Thursday, July 26, 2007

Chains

How many times have you gone to the shelves of a library or bookstore searching for a particular item and found something totally unexpected and wonderful? Or searched for a website and found another equally interesting? Or were talking with someone about an unrelated topic and they mentioned a film they’d seen? Probably quite a few. The way this synchronicity, or chain of events ends in a new find (music, movies, books, trout streams) is an exhilarating component of life. It keeps us surprised, and open to what the world can give us. It happens to me almost every day. Avenue Montaigne, a movie that slipped into a discussion about Steve Goodman of all people, was a find. But a more unusual chain was this: read an insightful review on the life and work of Susan Sontag in a recent New York Review of Books by Eliot Weinberger. Had known his work as a translator of the Mexican poet Octazio Paz. Decided to see what we had in the library under his name, and turned up the amazing poems of Bei Dao, whom he also translates in conjunction with Iona Man-Cheong. Bei Dao, I find out, is a haunting, passionate and often disjunctive poet, who has been incarcerated as a dissident since Tiananmen Square. Powerful stuff. Published by New Directions, this led me to consider this remarkable and revolutionary press that has possibly opened more doors into experimental and international literature than any other. Their unassuming little black, white and grey publications have given birth to worlds, universes. Thinking about New Directions, and that concept, literally a new direction caused me to choose an alternate route to work today. In doing so, I ran into a friend and had a conversation I wouldn’t have had. The friend recommended another book. Cause and effect. Interdependent origination. New books. Life goes on.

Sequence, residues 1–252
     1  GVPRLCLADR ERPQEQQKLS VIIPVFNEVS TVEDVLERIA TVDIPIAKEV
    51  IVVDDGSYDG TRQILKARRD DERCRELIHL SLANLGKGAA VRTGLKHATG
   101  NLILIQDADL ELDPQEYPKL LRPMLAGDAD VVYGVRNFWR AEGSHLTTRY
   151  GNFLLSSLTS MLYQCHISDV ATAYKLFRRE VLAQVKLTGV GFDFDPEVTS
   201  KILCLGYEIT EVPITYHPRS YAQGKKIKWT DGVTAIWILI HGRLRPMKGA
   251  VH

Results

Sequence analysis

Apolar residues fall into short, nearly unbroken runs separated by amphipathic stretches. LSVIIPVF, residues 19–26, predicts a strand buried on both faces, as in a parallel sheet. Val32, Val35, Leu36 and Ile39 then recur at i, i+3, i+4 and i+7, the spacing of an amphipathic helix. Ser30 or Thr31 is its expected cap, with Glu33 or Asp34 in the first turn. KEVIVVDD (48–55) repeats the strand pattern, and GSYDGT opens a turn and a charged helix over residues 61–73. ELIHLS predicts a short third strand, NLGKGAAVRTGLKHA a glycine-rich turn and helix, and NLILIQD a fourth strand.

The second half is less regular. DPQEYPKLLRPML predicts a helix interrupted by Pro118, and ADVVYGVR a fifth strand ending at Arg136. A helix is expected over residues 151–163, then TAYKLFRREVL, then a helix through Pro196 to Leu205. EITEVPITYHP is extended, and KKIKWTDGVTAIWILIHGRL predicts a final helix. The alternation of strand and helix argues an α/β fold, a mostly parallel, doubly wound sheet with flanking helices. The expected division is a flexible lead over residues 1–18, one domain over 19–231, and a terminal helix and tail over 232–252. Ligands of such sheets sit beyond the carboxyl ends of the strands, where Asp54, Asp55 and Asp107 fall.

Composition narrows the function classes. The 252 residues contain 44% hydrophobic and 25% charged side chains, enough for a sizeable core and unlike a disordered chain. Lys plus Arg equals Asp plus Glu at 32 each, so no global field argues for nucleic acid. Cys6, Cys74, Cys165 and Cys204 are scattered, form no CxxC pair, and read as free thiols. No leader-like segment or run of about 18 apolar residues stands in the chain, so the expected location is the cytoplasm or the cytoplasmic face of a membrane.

3 comments:

Anonymous said...

The characteristic theme of Werther’s[2] analysis of modernism is the stasis, and subsequent collapse, of submodernist sexual identity. If Foucaultist power relations holds, we have to choose between postdialectic rationalism and cultural postpatriarchial theory. However, several theories concerning textual dematerialism may be found.

In the works of Eco, a predominant concept is the distinction between within and without. Derrida uses the term ‘neoconceptual discourse’ to denote a preconceptualist paradox. Therefore, semiotic narrative holds that narrativity serves to reinforce capitalism.

Bataille promotes the use of neoconceptual discourse to analyse and read society. Thus, the main theme of the works of Eco is the role of the reader as writer.

Foucault uses the term ‘postdialectic rationalism’ to denote not desublimation, but postdesublimation. In a sense, von Ludwig[3] suggests that the works of Eco are postmodern.

The subject is contextualised into a Marxist capitalism that includes truth as a reality. However, the characteristic theme of von Ludwig’s[4] critique of neoconceptual discourse is the common ground between sexual identity and society.

This post is courtesy of the Postmodernism Generator: http://www.elsewhere.org/pomo.

sanderr said...

Serendipity was what I loved about the old physical card catalogs. i still miss them.

Night Monkey said...

Spidey Sense.